Indexes and images of records are also available on the ScotlandsPeople web site (per-use fee-based).


Civil registration: Death Certificate

Civil registration is the government registration of births, marriages, and deaths beginning 1 January 1855. In these records you may find the name of the deceased; his or her cause of death, death date and place, rank or profession, marital status, sex, age (from which you can estimate a year of birth), spouse's name, father's name and rank or profession, and mother's name and maiden name; and the signature, relationship, and residence of the informant. Civil registration death records cover most of the population and are indexed countrywide. Use the general index to identify and obtain a copy of a death certificate.

Accessing the records

The general indexes, and the records for the first twenty years, are available on film at the Family History Library. They are listed in the Family History Library Catalog under the place of Scotland and the topic of Civil Registration. The correct record title is "Registers of births, marriages, and deaths, 1855-1875, 1881, 1891; and general index, 1855-1956." 

Indexes and images of records are also available on the ScotlandsPeople web site (per-use fee-based).

Church records: Church of Scotland

Church records are the christenings or baptisms, marriages, and burials recorded in registers by church officials at the time of an event. Christening records usually give the name of the child, christening date, names of parents (including the mother's maiden name), place of residence, and father's occupation. Sometimes the child's birth date and the names of witnesses are recorded. Minutes of church meetings sometimes include birth information.

Accessing the records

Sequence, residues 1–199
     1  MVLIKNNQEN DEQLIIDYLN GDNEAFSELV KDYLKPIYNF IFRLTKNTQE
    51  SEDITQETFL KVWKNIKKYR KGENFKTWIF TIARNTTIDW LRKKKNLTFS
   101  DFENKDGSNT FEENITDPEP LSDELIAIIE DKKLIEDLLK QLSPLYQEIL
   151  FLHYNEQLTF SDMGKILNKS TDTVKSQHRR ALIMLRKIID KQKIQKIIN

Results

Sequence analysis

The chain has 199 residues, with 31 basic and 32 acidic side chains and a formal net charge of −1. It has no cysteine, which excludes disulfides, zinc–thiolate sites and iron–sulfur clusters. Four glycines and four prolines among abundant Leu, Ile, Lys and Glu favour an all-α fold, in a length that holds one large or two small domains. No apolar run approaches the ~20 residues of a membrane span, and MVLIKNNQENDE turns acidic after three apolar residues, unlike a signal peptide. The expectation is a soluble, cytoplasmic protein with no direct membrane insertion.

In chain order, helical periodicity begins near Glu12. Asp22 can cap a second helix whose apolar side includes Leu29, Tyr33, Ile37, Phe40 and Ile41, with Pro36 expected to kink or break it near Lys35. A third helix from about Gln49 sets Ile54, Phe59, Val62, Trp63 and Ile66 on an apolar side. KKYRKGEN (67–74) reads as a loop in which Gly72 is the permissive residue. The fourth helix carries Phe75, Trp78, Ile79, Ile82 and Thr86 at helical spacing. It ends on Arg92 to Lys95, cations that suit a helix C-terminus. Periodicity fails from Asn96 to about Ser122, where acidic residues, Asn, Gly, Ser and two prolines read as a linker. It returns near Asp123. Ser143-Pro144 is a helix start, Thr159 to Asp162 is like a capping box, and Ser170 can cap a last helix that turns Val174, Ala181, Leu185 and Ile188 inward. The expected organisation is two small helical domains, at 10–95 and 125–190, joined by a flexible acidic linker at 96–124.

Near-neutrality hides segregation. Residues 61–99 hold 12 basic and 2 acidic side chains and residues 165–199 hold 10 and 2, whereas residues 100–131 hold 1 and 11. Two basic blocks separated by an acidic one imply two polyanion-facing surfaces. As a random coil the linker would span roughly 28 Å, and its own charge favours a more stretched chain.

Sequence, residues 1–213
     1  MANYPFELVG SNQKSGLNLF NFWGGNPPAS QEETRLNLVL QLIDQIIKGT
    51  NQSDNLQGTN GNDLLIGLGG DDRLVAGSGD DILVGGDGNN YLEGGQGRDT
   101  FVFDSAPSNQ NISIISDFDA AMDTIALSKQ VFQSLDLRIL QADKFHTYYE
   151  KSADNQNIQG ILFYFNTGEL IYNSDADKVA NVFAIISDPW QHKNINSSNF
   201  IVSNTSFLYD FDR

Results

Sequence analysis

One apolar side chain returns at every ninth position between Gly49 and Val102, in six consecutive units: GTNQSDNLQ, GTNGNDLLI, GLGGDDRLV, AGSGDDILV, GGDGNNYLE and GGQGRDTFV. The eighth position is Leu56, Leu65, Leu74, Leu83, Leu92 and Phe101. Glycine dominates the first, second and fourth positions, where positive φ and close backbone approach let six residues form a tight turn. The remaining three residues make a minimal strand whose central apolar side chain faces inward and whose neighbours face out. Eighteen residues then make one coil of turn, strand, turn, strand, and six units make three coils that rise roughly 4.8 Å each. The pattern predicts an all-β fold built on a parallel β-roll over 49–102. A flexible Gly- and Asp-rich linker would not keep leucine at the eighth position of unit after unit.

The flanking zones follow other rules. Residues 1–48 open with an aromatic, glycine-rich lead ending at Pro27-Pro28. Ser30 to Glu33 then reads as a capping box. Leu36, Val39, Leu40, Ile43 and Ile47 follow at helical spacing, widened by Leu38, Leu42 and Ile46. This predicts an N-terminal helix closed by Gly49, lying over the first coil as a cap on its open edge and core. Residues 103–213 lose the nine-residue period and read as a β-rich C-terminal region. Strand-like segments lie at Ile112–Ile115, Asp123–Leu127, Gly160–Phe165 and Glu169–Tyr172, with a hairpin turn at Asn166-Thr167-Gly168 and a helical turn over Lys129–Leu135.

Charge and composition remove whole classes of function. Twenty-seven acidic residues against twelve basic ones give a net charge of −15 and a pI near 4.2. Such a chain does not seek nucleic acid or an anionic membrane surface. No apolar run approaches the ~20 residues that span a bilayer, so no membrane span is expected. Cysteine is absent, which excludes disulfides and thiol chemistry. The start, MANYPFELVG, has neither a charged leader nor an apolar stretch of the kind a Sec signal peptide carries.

For more information about Church of Scotland records and how to access them, click here.

Information about extant church records for a particular parish can be found in the Wiki on that parish's information page. In the search field above and to the left, type in the name of the parish and click on Search.

Church records: Nonconformist churches

Anyone who did not adhere to the teachings of the Established Church of Scotland was considered a nonconformist or a dissenter. Dissenters could also include people who belonged to religious organizations that broke from the Established church. Dissenter groups kept separate records. In these records you may find baptisms, marriages, minutes of meetings, communion rolls, and other records of value.

Accessing the records

Not many nonconformist church records are available on microfilm and therefore are not in the collection of the Family History Library. Those records that are will be listed in the library's catalog under the town or parish of interest and the topic of 'Church records.'

Information about extant Kirk session records for a particular parish can be found in the Wiki on that parish's information page. In the search field above and to the left, type in the name of the parish and click on Search.

Most nonconformist church records are held in the collection of the National Archives of Scotland or other repositories in Scotland. Other repositories can include regional archives, denominational archives, or individual churches. Contact information for other archives may be found in the directory of the Scottish Archives Network.